Sermon for Sunday, May 17th, 2020
God does NOT need you.
God does NOT need you. Not for anything. God doesn’t need you to save the world. God doesn’t need you to save the church. God doesn’t need you to defend him or to DO anything for him. God does not need you.
So if you are coming to worship and you think that God needs you or is depending upon you for something, then you are starting out on the wrong foot. Because God doesn’t need any of us.
We are the ones who need God.
Now some of you may already be forming counter-arguments in your head saying: but, but, but…
Hear me out. Because there is a big difference between God needing us, and God loving us or God wanting us, but I will come to that in a bit.
In the book of acts today we find Paul on one of his missionary journeys and this journey has brought him to the great Greek city of Athens. Now, I’ve never been to Athens, it’s on my bucket list, but whenever I think of Athens I think of the Acropolis and The Parthenon, the great temple to the Goddess Athena. But there were lots of temples and shrines in Athens. The Athenians were, as Paul says, very religious in every way.
Well, the idea of a temple or worshipping God in a temple was not foreign to Paul, after all, at this time the followers of Jesus were still worshipping God at the temple in Jerusalem. So worshipping God in a sacred place didn’t bother Paul. But Paul sensed a difference in attitude between how these Athenians approached their Gods and how he and the other followers of Jesus approached the God of Abraham, Isaac and Jacob. There was something transactional about this pagan worship. Transactional worship is about giving this and getting that.
I will build this God a shrine and this God will grant me favors and protection. I will make this offering and this God will owe me something. On the surface these Athenians appeared to be worshippers of something divine, but looking at how the Athenians treated their idols, Paul began to question what they were really worshipping. Were they really worshipping the creator of the universe, or were they worshipping their own skill and creativity?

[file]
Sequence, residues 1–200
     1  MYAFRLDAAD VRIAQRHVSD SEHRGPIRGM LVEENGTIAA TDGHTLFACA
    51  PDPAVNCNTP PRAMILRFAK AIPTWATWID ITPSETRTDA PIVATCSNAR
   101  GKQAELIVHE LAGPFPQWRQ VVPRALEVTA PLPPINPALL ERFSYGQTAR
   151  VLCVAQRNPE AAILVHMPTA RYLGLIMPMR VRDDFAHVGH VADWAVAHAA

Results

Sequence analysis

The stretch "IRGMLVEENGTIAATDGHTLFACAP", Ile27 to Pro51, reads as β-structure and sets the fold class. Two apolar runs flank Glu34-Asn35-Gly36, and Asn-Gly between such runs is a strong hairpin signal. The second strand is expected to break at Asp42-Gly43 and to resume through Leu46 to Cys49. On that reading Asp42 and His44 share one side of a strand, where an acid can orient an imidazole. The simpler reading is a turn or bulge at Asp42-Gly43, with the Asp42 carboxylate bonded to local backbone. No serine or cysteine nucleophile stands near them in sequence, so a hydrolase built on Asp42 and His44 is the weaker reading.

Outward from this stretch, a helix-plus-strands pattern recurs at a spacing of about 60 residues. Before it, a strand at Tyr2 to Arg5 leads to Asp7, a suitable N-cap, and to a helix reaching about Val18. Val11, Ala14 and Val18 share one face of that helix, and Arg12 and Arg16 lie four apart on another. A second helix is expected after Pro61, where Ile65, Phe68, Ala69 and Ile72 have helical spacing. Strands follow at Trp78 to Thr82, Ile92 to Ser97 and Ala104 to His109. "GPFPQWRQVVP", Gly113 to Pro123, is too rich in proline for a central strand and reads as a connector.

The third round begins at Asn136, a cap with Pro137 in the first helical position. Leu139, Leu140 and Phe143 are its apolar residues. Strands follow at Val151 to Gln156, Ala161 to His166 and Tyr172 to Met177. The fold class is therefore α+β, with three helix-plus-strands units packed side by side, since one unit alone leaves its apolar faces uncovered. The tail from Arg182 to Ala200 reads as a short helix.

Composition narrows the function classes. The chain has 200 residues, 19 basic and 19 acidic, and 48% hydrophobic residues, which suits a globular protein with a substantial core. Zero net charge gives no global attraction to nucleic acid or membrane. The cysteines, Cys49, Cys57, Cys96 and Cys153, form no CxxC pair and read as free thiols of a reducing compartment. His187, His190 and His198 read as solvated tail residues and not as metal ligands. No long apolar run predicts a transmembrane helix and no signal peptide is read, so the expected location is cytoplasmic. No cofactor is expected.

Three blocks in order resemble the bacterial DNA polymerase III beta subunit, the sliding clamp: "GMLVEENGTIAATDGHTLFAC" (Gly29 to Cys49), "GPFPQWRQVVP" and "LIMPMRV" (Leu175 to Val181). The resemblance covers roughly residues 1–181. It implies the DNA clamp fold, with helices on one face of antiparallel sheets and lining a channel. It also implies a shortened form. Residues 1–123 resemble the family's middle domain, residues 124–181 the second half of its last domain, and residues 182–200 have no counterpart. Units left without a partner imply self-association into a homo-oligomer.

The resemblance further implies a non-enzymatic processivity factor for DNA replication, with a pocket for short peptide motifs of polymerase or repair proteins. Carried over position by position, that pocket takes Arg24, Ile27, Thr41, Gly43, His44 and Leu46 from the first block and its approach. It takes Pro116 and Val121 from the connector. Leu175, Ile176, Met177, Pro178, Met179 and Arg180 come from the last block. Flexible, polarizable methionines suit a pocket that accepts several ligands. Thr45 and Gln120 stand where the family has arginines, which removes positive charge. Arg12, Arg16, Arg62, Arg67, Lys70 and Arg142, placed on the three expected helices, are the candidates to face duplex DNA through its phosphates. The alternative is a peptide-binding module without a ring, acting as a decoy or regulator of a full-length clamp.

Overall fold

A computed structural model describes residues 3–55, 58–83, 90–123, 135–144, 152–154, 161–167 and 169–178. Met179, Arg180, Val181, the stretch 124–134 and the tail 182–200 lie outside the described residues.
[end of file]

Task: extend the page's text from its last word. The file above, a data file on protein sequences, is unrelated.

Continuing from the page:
So Paul says to them: Let me tell you about the God that we worship. Let me tell you what I know about God. I worship the God that created the universe and everything in it….out of nothing. This God built his own home: it’s called heaven and earth. This God that we worship doesn’t need anyone to build him a shrine or a hut, or to carve some idol for him to inhabit. This God, Paul says, is not served by human hands, as though he needed anything, since he himself gives to all mortals life and breath to all things.”
This idea that God, as the sovereign creator of the universe, doesn’t need humans runs deep in Paul’s faith. It was a part of his faith before he was a follower of Jesus. One of the oldest books in the Old Testament, the book of Job, has Job at one point questioning God and God responds by saying: “where were you when I created the heavens and the earth?” Where were you, little human, with your plans and your schemes and your big ideas, where were you when I created the universe and everything in it? Did I need you then?
God said something similar to King David, when he got the bright idea that God needed him to build him a temple. God says to David: really? You think you need to build me a house? Did I ask you to do that? I am the one that made you king. I am the one who saved my people and planted them and protected them, and God says to David and I will bless you too, I will bless you, but NOT because you think you have done something for me.
And One of my favorite Psalms is Psalm 50, because it really smacks you down to size. And God says there: “I am God…all the beasts of the forest are mine….I know every bird in the sky, and the creatures of the fields are in my sight. If I were hungry, I would not tell you, for the whole world is mine and all that is in it.”
So the idea that God is sovereign and doesn’t need our help running the world runs deep in our faith. So when Paul sets out to evangelize these people in Athens he begins by explaining to them what his relationship is to the God he worships. And it is not quite the same as their relationship to their Gods. Paul worships a God that doesn’t need him, but loves him. That is what makes God’s love for us so amazing: he doesn’t need us in any way. God has nothing to gain from this relationship. And Paul, who in his life did amazing things to spread God’s kingdom, regards all of his efforts as nothing compared to what God has done for him. It was God that did all the saving.
The first step to having a relationship with God and the most important thing we have to always remember when worshipping God is the understanding that it is God who saves us, and not the other way around. We need God, God doesn’t need us. The moment we start to think that God needs us, we start worshipping something else entirely.